Joni: I feel like Rachel and I were talking about this before, that one of my favorite things in this book is the way that you write about female friendship, and it’s such a huge part of this book, and the relationships between not just the girls, but the adult woman in their lives. And it’s something that I find very, very powerful. Was this, it kind of sounds like it was, was this something that was very much based on people in your life?
Anat: It was. And not only in childhood. In fact, I work as a technologist, so there’s a lot of stories, in fact, one that I’ve written myself, about what it’s like to be a woman in the tech industry. And it’s a very similar situation. There’s a lot of competition for what is perceived as very few opportunities and very few places for women in leadership roles. And it’s very tempting for women and minorities to step all over each other, trying to get the few opportunities that are currently open, but that’s not really a healthy way of existing, and it’s not sustaining in the long-term. And even in the tech industry, my ability to reach out and build these female friendships and never get into a contest with, you know, others who are experiencing the same kinds of things, that I think has also led to me being successful in my career.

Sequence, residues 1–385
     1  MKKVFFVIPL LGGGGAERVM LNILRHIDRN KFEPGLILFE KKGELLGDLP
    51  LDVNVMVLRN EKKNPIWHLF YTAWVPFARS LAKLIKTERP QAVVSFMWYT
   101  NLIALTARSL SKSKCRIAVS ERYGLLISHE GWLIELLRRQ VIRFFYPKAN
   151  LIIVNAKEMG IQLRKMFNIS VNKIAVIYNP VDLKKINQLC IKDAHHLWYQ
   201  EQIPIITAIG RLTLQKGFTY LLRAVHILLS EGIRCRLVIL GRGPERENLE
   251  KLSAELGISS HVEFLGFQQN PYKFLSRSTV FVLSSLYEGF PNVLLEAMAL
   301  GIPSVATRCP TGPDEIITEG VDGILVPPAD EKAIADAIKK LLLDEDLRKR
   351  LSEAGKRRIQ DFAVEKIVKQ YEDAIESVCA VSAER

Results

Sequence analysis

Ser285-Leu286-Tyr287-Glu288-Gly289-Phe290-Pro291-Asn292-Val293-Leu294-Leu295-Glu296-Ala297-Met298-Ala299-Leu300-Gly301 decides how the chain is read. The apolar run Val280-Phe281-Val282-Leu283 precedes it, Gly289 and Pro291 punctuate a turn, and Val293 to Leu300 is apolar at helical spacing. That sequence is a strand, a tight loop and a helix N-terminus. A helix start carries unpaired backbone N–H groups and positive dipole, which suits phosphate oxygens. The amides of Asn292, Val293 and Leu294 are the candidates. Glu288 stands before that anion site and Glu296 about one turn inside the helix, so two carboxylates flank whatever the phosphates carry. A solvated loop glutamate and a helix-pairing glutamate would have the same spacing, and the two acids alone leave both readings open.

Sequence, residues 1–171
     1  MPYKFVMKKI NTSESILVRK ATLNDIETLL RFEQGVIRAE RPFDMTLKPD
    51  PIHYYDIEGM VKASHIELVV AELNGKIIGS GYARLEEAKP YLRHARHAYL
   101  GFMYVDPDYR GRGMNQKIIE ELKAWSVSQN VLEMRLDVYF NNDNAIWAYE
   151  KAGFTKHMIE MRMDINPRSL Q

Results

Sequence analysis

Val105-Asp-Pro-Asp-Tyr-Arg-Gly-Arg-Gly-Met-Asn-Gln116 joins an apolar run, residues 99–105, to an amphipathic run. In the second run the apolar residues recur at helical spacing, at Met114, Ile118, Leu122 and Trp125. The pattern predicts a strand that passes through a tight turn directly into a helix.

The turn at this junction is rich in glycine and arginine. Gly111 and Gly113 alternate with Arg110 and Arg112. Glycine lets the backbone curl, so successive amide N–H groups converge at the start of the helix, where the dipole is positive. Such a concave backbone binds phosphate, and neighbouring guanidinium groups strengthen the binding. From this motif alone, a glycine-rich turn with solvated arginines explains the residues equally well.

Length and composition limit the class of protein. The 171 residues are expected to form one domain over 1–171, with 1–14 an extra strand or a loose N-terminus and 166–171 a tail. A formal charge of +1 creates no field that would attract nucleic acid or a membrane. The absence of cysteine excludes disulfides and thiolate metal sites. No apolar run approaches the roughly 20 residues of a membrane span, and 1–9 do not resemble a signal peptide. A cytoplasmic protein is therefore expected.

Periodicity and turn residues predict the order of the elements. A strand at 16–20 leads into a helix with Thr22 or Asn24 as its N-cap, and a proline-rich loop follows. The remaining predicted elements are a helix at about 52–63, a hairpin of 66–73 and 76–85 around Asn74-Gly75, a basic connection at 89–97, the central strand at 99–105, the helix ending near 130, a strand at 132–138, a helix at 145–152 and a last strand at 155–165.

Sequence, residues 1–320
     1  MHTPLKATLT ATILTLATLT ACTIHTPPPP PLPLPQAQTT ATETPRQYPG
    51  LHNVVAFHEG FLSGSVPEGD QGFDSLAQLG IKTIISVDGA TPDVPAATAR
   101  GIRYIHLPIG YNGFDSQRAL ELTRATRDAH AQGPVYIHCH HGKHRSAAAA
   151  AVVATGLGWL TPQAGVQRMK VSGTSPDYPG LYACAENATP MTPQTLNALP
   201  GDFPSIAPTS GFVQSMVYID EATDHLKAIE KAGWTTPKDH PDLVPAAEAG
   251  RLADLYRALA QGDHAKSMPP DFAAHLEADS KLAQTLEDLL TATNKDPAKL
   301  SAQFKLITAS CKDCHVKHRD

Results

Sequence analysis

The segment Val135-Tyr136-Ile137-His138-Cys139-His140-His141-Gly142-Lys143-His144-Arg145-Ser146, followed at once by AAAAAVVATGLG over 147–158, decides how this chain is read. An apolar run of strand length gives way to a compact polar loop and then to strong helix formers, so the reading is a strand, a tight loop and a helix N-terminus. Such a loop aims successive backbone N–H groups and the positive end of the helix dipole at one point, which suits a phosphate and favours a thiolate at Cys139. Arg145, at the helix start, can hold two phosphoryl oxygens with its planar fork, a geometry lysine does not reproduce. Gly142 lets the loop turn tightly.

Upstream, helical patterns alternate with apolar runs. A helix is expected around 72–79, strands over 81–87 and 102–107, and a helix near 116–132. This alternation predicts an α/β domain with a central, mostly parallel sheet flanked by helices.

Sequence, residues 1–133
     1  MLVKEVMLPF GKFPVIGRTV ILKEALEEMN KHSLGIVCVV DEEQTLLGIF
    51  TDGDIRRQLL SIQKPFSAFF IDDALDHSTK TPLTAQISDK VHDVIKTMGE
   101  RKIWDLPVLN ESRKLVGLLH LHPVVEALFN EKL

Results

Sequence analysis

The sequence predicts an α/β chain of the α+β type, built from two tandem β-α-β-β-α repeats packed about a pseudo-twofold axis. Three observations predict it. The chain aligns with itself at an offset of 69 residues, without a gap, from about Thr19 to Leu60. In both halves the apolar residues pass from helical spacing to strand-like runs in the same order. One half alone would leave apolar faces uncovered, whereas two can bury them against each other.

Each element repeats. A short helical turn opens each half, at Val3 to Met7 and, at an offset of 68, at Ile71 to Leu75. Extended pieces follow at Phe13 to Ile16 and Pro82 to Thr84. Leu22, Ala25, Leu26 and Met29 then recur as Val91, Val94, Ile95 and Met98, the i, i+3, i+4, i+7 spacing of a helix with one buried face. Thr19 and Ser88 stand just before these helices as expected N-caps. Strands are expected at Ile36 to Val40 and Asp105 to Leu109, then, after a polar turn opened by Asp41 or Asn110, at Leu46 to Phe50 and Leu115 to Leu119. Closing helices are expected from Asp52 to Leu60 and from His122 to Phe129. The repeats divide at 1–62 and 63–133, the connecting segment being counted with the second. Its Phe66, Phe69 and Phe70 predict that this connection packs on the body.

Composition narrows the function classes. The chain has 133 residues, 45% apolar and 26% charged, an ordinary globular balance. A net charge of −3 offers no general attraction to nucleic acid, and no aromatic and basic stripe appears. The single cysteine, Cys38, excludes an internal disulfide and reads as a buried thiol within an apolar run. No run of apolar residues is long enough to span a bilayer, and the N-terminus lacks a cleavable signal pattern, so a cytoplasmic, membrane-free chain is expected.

So it’s something that has, like, stayed with me throughout my years, and why, even though it had been years since I left Saudi Arabia, I felt like I needed to tell that message because it’s not just about Saudi Arabia, it’s about any kind of situation where you are pitted against people. And that’s a very deliberate act that you can work away from by forming the right kinds of friendships.
Joni: Do you see any of this in the writing world? Because I feel like what you’re saying about tech is very, very familiar. And I wonder if you see… Because we kind of talk a little bit about how that doesn’t exist so much among writers, because there’s not just one book. Like, anyone who reads is reading many, many books. How do you find that, the author community?